The Shiashi-East Legon trotro

The Shiashi-East Legon trotro and taxi station, Accra. The picture shows a trotro and taxi station in Accra, the taxi terminal being indicated by the blue and grey tents. Source: authors’ fieldwork

In a paper published in ‘Case studies on Transport Policy’ , Paola Pasquali, Hadrien Commenges and Thomas Louail present the results of an investigation intended to provide a multi-faceted account of how e-hailing platforms have blended into the system of actors who operate urban mobility in Ghana’s capital Accra. The paper focuses on three aspects: the adaptation of platforms to the Ghanaian context, the work conditions of e-hailing drivers in Accra and their agency, and the essential role of car owners to sustain the rise of platforms in Global South cities.

In 2016, Uber began operations in Ghana’s capital Accra, a rapidly urbanizing city characterized by high demand for urban mobility. Uber’s entry was soon followed by the arrival of other e-hailing companies, both foreign and local. A few years later, e-hailing is such a popular phenomenon that small economy cars in Ghana – the cars typically used for this type of business – are now often described as “Uber cars.” Meanwhile, “Uber driver” has become a popular job for dozens of thousands of (mostly) young men. Building upon interviews conducted with public and private actors – including e-hailing drivers, taxi drivers, customers, platforms employees, drivers’ unions representatives, local investors, and regulators – the paper details the conditions and consequences of e-hailing platforms installation in Accra. We find that competition among platforms apparently contributed to lower ride prices for customers, to the detriment of e-hailing drivers. Although facing many constraints, we find that e-hailing drivers have leveraged on the competition among platforms to make claims for better work conditions.

This research also reveals that the likes of Uber and Bolt are not simply about international investments by multinational platform companies in countries such as Ghana. As a matter of fact, these platforms could not exist, nor survive, if not for the day-to-day investments made by local car owners and drivers. More at large, the paper argues that the future of e-hailing platforms in Ghana depends on a broader system of actors– platforms, drivers, passengers, regulators, car owners, international investors, etc. We conclude that shifts in this system may substantially reshape the functioning and way of operating of platforms, as well as their impact on e-hailing drivers’ work conditions.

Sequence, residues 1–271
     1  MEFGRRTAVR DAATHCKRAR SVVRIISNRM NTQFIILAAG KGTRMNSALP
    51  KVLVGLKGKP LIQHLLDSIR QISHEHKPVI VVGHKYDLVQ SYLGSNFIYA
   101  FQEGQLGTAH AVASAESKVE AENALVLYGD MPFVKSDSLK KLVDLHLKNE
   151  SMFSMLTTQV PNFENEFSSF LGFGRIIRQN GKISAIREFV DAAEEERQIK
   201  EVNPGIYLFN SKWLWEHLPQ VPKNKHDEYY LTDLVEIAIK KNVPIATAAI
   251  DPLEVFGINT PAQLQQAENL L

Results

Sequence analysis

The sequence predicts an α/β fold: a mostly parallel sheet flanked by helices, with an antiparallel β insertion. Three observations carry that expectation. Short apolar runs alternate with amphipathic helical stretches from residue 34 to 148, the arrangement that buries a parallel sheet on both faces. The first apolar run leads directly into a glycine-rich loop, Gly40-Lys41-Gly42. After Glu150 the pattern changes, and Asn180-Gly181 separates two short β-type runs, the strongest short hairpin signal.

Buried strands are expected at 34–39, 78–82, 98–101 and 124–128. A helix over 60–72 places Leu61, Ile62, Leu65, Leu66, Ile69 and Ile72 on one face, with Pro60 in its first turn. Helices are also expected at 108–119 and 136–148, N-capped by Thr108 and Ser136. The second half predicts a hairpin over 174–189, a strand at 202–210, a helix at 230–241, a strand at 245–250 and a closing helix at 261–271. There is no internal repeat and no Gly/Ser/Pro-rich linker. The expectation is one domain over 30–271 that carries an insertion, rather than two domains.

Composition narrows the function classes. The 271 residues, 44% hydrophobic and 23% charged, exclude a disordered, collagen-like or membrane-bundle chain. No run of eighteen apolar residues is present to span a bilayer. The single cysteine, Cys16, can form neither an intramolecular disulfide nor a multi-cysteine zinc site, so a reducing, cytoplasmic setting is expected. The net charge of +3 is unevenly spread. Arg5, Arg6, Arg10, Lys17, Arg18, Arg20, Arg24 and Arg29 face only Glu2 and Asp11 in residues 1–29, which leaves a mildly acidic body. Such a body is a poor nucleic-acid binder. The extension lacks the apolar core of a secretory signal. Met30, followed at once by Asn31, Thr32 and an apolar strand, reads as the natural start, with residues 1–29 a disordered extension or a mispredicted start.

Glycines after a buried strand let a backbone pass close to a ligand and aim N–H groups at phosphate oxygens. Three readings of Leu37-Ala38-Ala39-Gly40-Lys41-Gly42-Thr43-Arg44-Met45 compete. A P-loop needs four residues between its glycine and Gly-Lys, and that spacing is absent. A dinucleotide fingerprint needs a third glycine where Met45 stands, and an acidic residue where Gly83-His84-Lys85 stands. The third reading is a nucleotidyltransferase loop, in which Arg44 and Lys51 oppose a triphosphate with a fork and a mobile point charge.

This article is based on the work done by Paola Pasquali during her postdoctoral research at Géographie-cités in 2020, that was co-supervised by Hadrien Commenges and Thomas Louail, members of Géographie-cités. Paola Pasquali had been awarded in 2019 a EHESS grant “The digital turn in mobility and urban planning”. For this work she has done a two months fieldwork in Accra, Ghana, during which she has conducted about thirty individual interviews with different actors of daily mobility in Accra – including e-hailing drivers, taxi drivers, customers, platforms employees, drivers’ unions representatives, local investors and regulators. Paola is now an associate member of the laboratory, and as of last year she was a professor at Webster University in Accra, Ghana.

P. Pasquali, H. Commenges and T. Louail. It’s a three-way ring”: E-hailing platforms, drivers and riders reshaping Accra’s mobility landscape. Case Studies on Transport Policy
Volume 10, Issue 3, September 2022, p. 1743-1753